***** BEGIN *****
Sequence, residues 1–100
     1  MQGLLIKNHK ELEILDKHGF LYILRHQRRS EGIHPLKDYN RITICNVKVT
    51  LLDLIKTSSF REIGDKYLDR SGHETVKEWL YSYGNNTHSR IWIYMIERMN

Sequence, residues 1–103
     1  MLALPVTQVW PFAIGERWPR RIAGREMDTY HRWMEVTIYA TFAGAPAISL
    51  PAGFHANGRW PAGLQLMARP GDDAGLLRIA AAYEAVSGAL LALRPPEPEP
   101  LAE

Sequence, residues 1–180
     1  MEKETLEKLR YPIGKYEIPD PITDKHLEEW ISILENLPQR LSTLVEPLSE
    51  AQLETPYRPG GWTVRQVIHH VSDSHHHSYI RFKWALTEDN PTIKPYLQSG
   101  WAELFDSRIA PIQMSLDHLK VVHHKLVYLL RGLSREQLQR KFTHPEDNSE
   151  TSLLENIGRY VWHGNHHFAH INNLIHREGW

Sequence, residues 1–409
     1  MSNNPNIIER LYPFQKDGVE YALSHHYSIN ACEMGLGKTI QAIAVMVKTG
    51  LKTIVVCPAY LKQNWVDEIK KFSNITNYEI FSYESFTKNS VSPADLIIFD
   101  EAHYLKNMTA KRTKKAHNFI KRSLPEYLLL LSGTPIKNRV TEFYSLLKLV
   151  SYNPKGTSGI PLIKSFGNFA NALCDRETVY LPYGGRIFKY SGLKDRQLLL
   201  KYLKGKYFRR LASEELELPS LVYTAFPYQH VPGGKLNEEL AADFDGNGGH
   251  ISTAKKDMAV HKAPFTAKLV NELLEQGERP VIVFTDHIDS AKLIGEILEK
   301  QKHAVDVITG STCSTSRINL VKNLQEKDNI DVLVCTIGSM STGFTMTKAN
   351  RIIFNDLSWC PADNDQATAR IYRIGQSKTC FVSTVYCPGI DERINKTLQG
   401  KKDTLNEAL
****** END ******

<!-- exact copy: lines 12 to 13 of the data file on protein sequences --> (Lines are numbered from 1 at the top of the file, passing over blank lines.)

   151  TSLLENIGRY VWHGNHHFAH INNLIHREGW

Sequence, residues 1–409